Carmelite nuns block Vatican-appointed representative from entering Arlington, Texas, monastery

Elizabeth Campbell, Fort Worth Star-Telegram on

Published in Religious News

The legal battle between the Carmelite nuns of the Monastery of the Most Holy Trinity and Bishop Michael Olson may be over after a second lawsuit was dismissed on Wednesday, but another fight involving orders from the Vatican over who has authority over the nuns is brewing.

On Wednesday and Thursday, a representative appointed by Rome was turned away when she tried to enter the monastery to deliver letters from the Vatican to the nine cloistered nuns. They do not want to be governed or managed by the Association of Christ the King, the Carmelite order appointed to govern and manage operations of the monastery, according to the Catholic Diocese of Fort Worth.

A spokesperson for the diocese wrote in an email, “The Diocese does not know what will happen next because this is a matter between the Vatican and the Christ the King Association.”

The diocese also stated in an email that a priest who accompanied the representative to celebrate Mass for the nuns was also turned away Thursday.

On Wednesday, Mother Marie of the Incarnation, president of the Carmelite Association of Christ the King, issued a statement which said in part, “Today, in obedience to the Decree of the Dicastery for Institutes of Consecrated Life and Societies of Apostolic Life, I visited the Arlington Carmel and attempted to present to each Sister the letters which the Dicastery had directed me to give to each individually. Unfortunately, I was rejected and not granted admittance.”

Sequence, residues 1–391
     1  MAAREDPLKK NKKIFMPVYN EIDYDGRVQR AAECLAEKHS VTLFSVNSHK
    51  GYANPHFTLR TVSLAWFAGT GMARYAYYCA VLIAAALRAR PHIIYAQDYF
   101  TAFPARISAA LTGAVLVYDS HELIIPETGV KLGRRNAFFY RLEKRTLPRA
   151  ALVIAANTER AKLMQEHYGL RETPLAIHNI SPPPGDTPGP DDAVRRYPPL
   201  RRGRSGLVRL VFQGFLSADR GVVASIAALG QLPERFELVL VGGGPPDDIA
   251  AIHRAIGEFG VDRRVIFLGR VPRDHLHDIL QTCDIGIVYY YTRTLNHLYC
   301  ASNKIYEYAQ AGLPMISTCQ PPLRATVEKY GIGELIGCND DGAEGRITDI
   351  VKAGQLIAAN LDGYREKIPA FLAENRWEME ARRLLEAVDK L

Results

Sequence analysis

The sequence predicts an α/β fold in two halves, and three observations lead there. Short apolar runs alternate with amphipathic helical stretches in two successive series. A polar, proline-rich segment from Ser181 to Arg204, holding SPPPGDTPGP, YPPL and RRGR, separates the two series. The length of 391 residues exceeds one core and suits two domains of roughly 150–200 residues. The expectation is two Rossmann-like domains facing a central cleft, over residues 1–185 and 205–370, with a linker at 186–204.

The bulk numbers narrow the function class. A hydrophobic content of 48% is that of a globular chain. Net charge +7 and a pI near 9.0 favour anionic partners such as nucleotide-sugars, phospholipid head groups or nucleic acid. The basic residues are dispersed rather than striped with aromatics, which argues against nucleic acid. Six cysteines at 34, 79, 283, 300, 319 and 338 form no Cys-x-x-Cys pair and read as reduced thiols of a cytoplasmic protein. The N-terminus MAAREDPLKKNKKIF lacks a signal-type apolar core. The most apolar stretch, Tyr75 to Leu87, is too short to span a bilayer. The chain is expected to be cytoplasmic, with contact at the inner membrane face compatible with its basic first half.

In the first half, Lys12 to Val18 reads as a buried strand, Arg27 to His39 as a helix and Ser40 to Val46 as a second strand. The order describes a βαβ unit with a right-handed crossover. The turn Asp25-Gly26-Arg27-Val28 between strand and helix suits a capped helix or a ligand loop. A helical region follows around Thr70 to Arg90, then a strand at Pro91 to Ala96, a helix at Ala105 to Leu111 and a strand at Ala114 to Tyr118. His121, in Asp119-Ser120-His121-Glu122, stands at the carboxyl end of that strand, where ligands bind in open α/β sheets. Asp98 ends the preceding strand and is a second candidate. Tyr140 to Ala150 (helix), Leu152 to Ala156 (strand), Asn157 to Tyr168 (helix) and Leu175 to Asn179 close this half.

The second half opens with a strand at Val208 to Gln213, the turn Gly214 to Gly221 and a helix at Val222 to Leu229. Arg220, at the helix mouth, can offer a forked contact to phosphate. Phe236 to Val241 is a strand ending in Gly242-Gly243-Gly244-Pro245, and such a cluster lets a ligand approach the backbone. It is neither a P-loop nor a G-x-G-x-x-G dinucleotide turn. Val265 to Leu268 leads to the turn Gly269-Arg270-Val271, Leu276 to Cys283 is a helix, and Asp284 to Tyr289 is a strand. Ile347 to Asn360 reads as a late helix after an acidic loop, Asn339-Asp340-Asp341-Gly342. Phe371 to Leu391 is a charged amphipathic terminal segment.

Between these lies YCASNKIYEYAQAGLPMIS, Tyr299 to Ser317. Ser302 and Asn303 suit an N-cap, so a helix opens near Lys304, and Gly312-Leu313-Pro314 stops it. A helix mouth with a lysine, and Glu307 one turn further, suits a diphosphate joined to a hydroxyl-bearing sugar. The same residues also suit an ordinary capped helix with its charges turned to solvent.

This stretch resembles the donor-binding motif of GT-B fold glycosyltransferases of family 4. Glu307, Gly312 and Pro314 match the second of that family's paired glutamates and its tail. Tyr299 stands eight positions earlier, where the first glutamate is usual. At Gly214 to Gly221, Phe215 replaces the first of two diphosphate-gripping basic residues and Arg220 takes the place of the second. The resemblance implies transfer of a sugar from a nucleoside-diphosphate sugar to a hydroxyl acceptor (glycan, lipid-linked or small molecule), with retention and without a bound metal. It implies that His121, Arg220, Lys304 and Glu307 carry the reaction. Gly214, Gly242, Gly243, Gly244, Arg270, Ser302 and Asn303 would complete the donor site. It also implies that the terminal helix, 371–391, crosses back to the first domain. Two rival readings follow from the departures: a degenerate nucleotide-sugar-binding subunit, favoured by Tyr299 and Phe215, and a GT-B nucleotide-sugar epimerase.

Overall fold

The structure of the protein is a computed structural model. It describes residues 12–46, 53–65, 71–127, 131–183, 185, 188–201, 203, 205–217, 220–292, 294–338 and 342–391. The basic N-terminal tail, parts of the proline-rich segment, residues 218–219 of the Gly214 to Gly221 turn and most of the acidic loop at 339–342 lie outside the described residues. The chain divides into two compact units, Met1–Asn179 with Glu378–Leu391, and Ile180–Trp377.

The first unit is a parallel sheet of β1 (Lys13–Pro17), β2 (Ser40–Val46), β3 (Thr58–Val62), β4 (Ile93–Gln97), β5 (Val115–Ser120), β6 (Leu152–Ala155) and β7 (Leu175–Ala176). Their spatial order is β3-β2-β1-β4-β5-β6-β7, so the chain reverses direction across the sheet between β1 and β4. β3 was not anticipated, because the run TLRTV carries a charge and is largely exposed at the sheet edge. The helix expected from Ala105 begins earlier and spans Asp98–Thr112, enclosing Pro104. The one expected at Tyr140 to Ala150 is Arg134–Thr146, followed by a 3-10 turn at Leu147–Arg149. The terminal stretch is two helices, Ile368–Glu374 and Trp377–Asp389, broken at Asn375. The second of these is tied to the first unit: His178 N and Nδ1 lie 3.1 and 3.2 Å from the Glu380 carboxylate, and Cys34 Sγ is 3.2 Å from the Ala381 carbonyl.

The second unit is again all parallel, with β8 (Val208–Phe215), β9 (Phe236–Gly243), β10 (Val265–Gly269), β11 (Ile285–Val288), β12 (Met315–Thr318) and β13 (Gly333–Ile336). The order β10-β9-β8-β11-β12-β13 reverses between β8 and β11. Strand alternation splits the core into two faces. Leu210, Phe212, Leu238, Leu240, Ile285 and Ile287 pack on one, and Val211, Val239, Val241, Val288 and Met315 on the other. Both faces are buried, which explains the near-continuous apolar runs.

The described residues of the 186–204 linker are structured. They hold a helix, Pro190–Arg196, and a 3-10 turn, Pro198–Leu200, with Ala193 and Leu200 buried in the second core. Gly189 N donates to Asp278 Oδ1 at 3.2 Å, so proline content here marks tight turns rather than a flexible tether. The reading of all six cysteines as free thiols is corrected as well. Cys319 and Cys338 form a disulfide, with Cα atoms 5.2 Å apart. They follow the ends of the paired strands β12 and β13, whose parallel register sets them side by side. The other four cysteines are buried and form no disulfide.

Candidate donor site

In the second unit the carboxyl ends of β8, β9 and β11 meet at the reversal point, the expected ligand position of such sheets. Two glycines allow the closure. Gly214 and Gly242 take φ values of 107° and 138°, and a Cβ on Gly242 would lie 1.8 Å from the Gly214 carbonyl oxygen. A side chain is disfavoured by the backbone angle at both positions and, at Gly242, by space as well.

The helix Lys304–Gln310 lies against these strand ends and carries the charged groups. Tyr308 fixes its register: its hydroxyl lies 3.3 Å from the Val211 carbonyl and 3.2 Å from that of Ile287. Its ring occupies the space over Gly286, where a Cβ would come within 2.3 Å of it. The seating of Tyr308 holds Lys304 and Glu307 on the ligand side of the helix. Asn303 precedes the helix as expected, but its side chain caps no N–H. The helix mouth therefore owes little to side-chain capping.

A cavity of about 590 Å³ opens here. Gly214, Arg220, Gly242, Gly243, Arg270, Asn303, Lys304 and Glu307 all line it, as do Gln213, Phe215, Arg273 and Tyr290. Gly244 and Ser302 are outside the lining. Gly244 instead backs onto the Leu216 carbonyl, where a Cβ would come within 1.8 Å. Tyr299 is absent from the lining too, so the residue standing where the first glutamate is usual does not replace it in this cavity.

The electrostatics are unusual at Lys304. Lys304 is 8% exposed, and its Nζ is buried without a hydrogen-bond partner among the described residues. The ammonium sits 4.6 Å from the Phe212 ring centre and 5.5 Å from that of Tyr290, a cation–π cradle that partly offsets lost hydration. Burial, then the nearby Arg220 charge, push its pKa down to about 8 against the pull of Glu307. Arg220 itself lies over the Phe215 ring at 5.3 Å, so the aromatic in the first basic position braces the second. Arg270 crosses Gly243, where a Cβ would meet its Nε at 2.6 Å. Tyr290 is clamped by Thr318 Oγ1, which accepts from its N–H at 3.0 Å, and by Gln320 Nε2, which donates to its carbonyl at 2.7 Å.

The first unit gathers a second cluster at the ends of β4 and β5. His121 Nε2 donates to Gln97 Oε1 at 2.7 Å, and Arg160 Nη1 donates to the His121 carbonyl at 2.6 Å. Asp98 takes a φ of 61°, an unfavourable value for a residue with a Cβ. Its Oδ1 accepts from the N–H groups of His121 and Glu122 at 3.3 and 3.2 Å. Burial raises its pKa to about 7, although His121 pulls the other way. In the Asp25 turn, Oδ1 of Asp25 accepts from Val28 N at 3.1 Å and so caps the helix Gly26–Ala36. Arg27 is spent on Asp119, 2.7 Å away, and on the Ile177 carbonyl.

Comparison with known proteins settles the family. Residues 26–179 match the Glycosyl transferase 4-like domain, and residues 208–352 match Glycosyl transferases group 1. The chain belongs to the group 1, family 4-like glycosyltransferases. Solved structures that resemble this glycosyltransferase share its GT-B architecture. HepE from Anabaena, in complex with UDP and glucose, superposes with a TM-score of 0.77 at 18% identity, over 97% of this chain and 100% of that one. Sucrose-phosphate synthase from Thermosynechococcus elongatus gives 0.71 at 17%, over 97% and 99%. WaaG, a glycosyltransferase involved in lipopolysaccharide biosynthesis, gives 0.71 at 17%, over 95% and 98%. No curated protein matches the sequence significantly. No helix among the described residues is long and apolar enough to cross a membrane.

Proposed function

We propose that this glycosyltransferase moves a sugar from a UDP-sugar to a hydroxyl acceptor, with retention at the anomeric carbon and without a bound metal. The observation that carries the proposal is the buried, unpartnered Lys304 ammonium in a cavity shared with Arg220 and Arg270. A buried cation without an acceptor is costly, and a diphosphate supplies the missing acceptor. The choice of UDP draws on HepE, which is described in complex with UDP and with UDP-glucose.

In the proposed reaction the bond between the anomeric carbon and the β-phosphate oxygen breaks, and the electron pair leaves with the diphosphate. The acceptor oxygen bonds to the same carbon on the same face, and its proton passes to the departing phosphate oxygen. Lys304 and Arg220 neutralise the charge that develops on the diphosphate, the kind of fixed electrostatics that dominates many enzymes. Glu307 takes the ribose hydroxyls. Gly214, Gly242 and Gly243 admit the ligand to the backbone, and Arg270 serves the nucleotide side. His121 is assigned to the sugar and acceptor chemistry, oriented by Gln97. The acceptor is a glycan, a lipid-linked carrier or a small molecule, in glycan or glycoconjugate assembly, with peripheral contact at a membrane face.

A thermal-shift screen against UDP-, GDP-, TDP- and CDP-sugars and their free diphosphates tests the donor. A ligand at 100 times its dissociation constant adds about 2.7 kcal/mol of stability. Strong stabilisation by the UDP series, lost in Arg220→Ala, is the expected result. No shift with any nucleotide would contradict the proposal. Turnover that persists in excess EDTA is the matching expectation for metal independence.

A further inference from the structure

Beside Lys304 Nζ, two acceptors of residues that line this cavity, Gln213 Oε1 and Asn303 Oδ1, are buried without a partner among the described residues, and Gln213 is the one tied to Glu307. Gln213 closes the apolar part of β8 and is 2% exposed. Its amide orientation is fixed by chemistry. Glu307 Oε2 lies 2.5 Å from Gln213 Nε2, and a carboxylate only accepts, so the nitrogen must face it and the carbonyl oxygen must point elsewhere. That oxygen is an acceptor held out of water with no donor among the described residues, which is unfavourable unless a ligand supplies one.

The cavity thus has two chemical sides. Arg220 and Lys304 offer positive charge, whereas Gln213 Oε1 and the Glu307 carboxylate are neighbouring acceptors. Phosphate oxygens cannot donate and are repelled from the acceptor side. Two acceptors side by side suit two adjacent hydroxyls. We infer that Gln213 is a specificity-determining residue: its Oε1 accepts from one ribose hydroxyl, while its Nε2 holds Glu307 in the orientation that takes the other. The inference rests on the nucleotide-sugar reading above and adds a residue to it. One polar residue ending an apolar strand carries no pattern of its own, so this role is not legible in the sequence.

But the nuns countered with a statement that asked Olson to apologize publicly and in person, calling his investigation into allegations that the Rev. Mother Teresa Agnes Gerlach violated her chastity vows with a priest “abusive.”


“In respect of the decrees upholding Bishop Olson’s investigation of allegations against our Mother Prioress, we repeat that his investigations were flawed in radice, carried out in an intimidatory manner and violated her ecclesiastical and civil rights.”

Vatican decrees

On Tuesday, the Vatican issued several decrees upholding Olson’s decision to investigate Gerlach, who was accused of breaking her chastity vow with a priest from North Carolina.

But the Vatican overturned Olson’s decision to dismiss her from the Carmelite order because she did not “exert force or violence” and she did not have authority over the priest, the Rev. Phillip Johnson.


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